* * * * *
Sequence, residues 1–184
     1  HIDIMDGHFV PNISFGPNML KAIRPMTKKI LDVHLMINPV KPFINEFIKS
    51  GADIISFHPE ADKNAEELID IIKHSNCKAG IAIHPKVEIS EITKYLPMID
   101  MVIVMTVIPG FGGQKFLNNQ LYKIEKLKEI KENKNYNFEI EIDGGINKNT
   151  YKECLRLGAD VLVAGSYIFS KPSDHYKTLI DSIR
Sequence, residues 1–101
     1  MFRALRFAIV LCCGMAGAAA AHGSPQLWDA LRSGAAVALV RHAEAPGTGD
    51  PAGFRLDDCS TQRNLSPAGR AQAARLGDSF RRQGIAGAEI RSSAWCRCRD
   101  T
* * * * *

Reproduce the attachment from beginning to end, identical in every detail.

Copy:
Sequence, residues 1–184
     1  HIDIMDGHFV PNISFGPNML KAIRPMTKKI LDVHLMINPV KPFINEFIKS
    51  GADIISFHPE ADKNAEELID IIKHSNCKAG IAIHPKVEIS EITKYLPMID
   101  MVIVMTVIPG FGGQKFLNNQ LYKIEKLKEI KENKNYNFEI EIDGGINKNT
   151  YKECLRLGAD VLVAGSYIFS KPSDHYKTLI DSIR
Sequence, residues 1–101
     1  MFRALRFAIV LCCGMAGAAA AHGSPQLWDA LRSGAAVALV RHAEAPGTGD
    51  PAGFRLDDCS TQRNLSPAGR AQAARLGDSF RRQGIAGAEI RSSAWCRCRD
   101  T